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MIT Research News

April 9, 2019

Shrinking the carbon footprint of a chemical in everyday objects

New method for synthesizing the epoxides found in plastics, textiles, and pharmaceuticals could be powered by electricity.

Anne Trafton | MIT News Office

The biggest source of global energy consumption is the industrial manufacturing of products such as plastics, iron, and steel. Not only does manufacturing these materials require huge amounts of energy, but many of the reactions also directly emit carbon dioxide as a byproduct.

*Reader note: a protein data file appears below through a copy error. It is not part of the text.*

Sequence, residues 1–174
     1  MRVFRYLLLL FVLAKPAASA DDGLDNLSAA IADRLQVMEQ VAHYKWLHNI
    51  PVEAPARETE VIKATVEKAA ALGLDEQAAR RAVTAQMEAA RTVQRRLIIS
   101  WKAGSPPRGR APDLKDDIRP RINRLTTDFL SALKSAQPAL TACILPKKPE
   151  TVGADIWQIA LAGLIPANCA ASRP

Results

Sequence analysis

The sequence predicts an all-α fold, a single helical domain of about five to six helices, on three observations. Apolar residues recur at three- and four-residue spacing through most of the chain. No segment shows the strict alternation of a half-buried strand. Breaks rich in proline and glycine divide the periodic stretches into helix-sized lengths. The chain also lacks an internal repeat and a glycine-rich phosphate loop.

In an effort to help reduce this energy use and the related emissions, MIT chemical engineers have devised an alternative approach to synthesizing epoxides, a type of chemical that is used to manufacture diverse products, including plastics, pharmaceuticals, and textiles. Their new approach, which uses electricity to run the reaction, can be done at room temperature and atmospheric pressure while eliminating carbon dioxide as a byproduct.